1.  What is your instrument?

Many of the greatest composers wrote for more than one instrument.  Do we need to write for more than instrument to connect with the variety of people who surround us?

2.  What will be your song?

Will we be the composer or will we sing the work of another composer?

3.  Will you play your song today?

Is your reed fresh?  Have you checked your strings on the cello?  Is the bow rosin in the case?  Do you have all you need to play your song?  Do you have all you need to be a leader today?

Food for Thought-Gratitude as the Sun Sets on a Clear and Cold Irish Night

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As the sun sets on a clear and cold Irish night, I’m marking into the Moleskine these notes of gratitude…

I am grateful for sharing breakfast with my neighbors.

I am always grateful for the sunshine.

I am grateful for the blue skies that follow the sunshine.

I am also grateful for the moments of rain.

I am grateful when everyone comes home from school safe and happy.

I am grateful when someone calls and I am able to pick them up from school early.

I am grateful for new ideas and plans for the future, even if the future is only later today or tomorrow.

I am grateful for the good salad I had for lunch.

I am grateful for my wife.  She listens, she responds, she engages and helps me to be a better man each day.

I am grateful for our children.  They are the three parts of our life on which everything else rests.

I am grateful for my parents.  They love us unconditionally.

I am grateful for Ruby.  She is the life of our party we call life.

I am grateful for our friends both near and far.

I am grateful for our extended families.

I am grateful for our friends and acquaintances in the communities I serve.

I am grateful for our congregations.  They are outposts of justice and humanity in a world of injustice and inhumanity.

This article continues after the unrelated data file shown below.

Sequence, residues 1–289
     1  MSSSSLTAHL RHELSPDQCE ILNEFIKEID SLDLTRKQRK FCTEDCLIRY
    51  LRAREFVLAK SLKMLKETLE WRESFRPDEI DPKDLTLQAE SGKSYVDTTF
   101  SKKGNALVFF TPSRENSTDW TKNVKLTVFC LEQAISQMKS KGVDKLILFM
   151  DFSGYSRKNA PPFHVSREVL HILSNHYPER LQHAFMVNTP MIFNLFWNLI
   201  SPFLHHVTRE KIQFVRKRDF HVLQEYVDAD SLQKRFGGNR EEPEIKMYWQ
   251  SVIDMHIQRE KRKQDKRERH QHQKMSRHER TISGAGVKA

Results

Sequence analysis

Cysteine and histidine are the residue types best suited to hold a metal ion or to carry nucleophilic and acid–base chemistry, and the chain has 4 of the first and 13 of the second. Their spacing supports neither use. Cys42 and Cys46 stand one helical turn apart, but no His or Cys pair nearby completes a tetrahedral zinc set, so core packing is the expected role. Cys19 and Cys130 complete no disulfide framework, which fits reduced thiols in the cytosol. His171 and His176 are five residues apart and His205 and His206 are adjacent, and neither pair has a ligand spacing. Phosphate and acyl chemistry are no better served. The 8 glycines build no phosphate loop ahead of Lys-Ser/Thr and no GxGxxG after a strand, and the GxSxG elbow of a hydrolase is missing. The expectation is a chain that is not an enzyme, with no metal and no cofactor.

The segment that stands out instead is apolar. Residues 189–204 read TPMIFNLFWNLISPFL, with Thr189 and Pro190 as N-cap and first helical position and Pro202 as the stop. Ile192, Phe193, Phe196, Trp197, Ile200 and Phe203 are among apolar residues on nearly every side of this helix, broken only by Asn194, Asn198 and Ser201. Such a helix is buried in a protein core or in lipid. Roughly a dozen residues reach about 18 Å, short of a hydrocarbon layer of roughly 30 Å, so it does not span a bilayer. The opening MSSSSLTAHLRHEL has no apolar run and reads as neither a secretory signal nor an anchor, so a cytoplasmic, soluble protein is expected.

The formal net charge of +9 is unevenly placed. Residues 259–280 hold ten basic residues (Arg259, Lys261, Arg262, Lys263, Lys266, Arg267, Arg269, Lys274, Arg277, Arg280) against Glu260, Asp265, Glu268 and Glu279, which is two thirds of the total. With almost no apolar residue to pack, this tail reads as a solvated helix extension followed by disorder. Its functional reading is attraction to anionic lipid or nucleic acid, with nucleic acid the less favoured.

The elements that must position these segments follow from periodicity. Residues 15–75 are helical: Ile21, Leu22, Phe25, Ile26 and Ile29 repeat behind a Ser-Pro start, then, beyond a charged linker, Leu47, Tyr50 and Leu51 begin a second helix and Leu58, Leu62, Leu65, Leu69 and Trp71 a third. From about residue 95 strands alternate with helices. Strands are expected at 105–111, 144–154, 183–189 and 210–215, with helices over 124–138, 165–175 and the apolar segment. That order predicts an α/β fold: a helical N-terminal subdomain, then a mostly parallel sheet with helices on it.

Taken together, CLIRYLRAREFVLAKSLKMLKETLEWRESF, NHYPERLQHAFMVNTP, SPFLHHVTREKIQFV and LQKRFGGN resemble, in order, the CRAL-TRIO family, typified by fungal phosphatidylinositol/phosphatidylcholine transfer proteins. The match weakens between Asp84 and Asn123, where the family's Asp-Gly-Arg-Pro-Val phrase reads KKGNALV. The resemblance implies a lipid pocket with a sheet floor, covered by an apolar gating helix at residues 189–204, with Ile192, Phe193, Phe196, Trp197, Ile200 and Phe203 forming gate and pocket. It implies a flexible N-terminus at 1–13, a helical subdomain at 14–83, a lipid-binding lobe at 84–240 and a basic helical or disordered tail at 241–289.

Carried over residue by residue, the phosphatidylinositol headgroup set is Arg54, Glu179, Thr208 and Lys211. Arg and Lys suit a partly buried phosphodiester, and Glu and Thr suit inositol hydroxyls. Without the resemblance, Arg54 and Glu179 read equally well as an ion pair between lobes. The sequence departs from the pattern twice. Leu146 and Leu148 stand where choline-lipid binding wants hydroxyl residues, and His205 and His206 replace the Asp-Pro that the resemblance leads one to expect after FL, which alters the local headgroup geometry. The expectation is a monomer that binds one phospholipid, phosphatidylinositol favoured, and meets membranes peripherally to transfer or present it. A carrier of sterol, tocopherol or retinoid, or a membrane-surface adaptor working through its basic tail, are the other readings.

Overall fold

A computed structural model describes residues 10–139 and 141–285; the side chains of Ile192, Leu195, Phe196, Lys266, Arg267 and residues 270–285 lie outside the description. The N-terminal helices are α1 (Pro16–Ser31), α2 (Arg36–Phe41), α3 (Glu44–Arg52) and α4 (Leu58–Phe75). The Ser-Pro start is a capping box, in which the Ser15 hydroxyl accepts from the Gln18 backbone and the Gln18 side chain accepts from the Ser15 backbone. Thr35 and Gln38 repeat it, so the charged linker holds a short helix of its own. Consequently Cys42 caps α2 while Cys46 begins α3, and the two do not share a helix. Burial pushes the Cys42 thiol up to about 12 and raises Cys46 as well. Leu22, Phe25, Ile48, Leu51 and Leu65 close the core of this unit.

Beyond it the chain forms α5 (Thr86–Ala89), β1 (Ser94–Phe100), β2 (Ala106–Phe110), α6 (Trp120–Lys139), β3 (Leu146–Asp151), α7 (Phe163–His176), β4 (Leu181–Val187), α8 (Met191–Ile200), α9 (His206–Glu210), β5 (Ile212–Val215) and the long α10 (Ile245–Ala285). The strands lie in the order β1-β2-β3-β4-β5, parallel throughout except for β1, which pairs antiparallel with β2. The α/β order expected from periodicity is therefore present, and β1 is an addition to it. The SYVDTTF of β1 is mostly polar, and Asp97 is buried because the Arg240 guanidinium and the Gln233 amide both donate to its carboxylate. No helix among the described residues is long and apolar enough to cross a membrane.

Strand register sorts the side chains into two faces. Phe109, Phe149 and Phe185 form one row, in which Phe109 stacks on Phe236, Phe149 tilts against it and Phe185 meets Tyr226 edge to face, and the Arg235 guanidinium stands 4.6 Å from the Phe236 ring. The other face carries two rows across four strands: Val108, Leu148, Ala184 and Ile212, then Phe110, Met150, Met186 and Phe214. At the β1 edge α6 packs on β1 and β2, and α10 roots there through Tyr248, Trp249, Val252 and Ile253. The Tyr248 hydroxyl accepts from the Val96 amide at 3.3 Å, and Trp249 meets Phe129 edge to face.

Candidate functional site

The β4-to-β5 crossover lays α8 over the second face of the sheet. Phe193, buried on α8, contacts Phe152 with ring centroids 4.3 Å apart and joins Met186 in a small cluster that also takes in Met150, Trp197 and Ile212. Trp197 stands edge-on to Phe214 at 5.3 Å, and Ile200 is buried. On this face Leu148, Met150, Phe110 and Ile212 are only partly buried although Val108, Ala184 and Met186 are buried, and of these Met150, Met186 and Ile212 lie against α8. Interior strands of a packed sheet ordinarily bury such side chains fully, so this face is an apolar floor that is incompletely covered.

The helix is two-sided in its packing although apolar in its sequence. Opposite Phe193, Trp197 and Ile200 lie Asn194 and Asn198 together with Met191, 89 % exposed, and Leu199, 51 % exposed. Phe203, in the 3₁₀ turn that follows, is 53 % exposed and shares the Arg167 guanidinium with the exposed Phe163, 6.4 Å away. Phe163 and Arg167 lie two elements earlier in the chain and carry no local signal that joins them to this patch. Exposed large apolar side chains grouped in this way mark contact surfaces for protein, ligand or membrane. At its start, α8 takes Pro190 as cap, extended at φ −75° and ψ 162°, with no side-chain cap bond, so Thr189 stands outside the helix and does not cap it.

I am grateful for the volunteers I serve beside each day.

I am grateful to be able to chase my calling each day in unique ways in this time and place.

I am grateful to be a servant leader in the communities I serve.

I am grateful that my calling provides us with a home that offers warmth, shelter, and clean water.

I am grateful for the food we share as a family.

I am grateful that our resources are close by and relatively cheap.

I am grateful that we live free from the fear of persecution.

I am grateful for my health and well-being.

I am grateful for the health and well-being for my wife and daughters.

I am grateful that my parents are healthy in body, mind, and spirit.

I am grateful  for shared good news.

I am grateful for the opportunity to be forced to slow down.

I am grateful for the life I see around me.

Food for Thought-3 Leadership Lessons from John of the Cross

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1.  The Dark Night of the Soul is a poem by a 16th century Spanish mystic, John of the Cross.  The term has become  synonymous with someone in a time of despair and doubt.  However, the Dark Night of the Soul doesn’t have to about depression, loneliness, or isolation.  While we tend to hear the terms “darkness”, “night”, and “soul” with gloomy melodramatic connotations they can also be those times when the world around us is at its most hushed, when distractions are at their least, and we can focus on what is going on inside ourselves.  Often times, good things can result from such voyages of discovery.

2.  When you’re in that “Dark Night” period it means you’re living by radical trust not radical worry.  If you are living in a time of  darkness, you have to have faith in whatever higher power you believe in or the friend or friends you’ve surrounded yourself with in help walk with and guide you.  If they are there, if you have faith in them and you trust them implicitly much of our worries about moving through the darkness should begin to evaporate.  Radical darkness and radical worry have no power over radical faith and trust.